This training module describes what size standards are, how they are established, why they are important, how they are used, where to find them and how to determine if a specific business concern.

Get information about the Small Business Competitiveness Demonstration Program.





Small Business Size Standards #business #broker

#sba loan requirements

#

Learn about the definition of – and qualifications for – a small business and why it’s important to know your status.

SBA has established numerical definitions of small businesses, or “size standards,” for all for-profit industries. Size standards represent the largest size that a business (including its subsidiaries and affiliates) may be to remain classified as a small business concern. In determining what constitutes a small business, the definition will vary to reflect industry differences. These size standards are used to determine eligibility for SBA’s financial assistance and to its other programs, as well as to Federal government procurement programs designed to help small businesses. Also, the Small Business Act states that unless specifically authorized by statute, no other Federal department or agency may prescribe a size standard for categorizing a business concern as a small business concern, unless such proposed size standard meets certain criteria and is approved by the Administrator of SBA.

Get updates on small business size standards news.

The Small Business Act was created, in part, to help small businesses compete in our economic market. The act has made it necessary to establish standards of identifying small businesses.

For its ongoing comprehensive size standards review and future regulatory actions relating to size standards, SBA has developed a “Size Standards Methodology White Paper”.

To help small business owners assess their small business status, SBA has established a Table of Small Business Size Standards.

Size guidelines define the maximum size that a firm (including its affiliates) can be to qualify as a small business for most SBA programs. Learn about the common standards for a small business.

Your business might be eligible for programs reserved for small business concerns. To qualify, your business must satisfy SBA’s definition of a business concern and small business size standards.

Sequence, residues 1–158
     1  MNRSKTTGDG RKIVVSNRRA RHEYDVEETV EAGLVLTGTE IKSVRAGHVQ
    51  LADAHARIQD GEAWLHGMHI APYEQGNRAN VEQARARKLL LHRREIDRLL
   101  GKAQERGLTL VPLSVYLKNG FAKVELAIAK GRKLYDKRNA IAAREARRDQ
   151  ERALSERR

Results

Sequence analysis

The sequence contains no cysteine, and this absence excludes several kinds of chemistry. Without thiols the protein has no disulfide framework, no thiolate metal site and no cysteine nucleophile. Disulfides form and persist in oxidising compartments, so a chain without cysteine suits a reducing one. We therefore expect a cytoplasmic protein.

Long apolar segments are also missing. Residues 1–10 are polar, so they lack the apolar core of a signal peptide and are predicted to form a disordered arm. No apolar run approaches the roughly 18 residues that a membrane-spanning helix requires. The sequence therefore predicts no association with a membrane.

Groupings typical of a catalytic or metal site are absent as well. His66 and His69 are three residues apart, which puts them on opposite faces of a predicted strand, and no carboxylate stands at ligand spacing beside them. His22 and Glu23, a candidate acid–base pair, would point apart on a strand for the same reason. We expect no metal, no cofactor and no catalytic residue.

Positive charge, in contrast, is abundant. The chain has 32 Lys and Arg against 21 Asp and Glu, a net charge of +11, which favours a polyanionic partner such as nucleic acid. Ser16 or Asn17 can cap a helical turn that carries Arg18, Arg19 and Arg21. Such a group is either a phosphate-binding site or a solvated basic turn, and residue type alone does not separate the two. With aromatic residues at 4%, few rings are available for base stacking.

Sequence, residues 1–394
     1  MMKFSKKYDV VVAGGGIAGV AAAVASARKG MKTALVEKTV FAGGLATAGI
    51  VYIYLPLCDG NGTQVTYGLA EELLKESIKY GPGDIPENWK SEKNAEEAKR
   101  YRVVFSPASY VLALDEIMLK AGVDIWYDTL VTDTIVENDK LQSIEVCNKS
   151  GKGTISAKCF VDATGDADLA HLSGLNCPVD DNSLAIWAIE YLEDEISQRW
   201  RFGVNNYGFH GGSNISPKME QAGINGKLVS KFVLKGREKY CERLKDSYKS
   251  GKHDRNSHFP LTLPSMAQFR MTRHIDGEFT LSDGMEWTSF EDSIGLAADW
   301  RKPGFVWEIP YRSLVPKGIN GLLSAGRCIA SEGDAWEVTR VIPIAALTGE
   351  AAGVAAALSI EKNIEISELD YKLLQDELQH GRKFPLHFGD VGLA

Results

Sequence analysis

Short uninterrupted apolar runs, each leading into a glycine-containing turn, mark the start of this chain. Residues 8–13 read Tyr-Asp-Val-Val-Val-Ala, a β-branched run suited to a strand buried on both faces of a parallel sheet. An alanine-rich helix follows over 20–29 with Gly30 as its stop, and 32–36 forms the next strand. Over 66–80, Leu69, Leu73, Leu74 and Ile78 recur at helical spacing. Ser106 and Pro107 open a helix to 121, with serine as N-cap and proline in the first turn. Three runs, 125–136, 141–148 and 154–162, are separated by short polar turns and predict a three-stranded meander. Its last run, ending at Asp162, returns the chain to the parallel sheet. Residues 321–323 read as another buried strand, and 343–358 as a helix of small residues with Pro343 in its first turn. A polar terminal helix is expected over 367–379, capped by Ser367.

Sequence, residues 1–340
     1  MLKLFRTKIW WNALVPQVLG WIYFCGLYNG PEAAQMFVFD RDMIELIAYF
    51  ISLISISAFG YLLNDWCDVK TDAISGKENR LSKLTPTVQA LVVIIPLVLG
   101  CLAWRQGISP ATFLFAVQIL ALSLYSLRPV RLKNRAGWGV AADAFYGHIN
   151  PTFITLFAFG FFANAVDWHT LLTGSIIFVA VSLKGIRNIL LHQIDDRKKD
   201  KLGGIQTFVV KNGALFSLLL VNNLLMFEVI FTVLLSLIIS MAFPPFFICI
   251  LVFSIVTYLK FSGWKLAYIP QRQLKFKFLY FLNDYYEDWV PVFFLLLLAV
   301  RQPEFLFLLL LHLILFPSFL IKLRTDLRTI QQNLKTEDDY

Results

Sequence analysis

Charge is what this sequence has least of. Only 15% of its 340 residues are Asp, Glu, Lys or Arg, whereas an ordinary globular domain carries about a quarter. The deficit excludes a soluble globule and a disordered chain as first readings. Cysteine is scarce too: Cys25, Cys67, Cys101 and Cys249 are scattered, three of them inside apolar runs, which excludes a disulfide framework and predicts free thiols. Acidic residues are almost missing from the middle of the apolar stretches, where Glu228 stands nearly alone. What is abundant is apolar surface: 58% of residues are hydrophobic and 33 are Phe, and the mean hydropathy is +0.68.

Learn about size protests, size determinations and appeals.

This guide can help you understand how SBA defines a small business and how it establishes its small business size standards.

When you calculate the size of your business, you must include the annual receipts and the employees of your affiliates. Learn more with these resources.

This training module describes what size standards are, how they are established, why they are important, how they are used, where to find them and how to determine if a specific business concern.

Get information about the Small Business Competitiveness Demonstration Program.





Value-Added-Network (VAN) for Suppliers #suppliers #edi #value-added-network, #van #tier-1 #edi, #van #service


#

EDI Network Connectivity: Value-Added Network (VAN)

Looking to exchange business documents instantly and easily with your customers?
Let InterTrade help you connect with your trading partners.

An EDI Value-Added-Network (VAN) provides direct access to all partners in your supply chain and InterTrade is one of only a handful of TIER-1 EDI VAN service providers in North America. InterTrade is fully and securely interconnected to all other major VANs, enabling you to quickly connect your enterprise to your trading partners for efficient, real-time EDI exchanges integrated to your IT systems.

Benefits to Suppliers

EDI may seem complicated but in reality, it is a vehicle to standardize and simplify communications between trading partners. Retailers, suppliers, distributors, 3PLs, etc. all can benefit by exchanging important business documents on a secure network and in real-time. This translates into:

  • More accurate information – less manual intervention
  • Increased automation – less paper; more green
  • Improved visibility on B2B transactions
  • Closer business relationships
  • Shorter sales cycle
  • Faster orders-to-cash
  • More sales!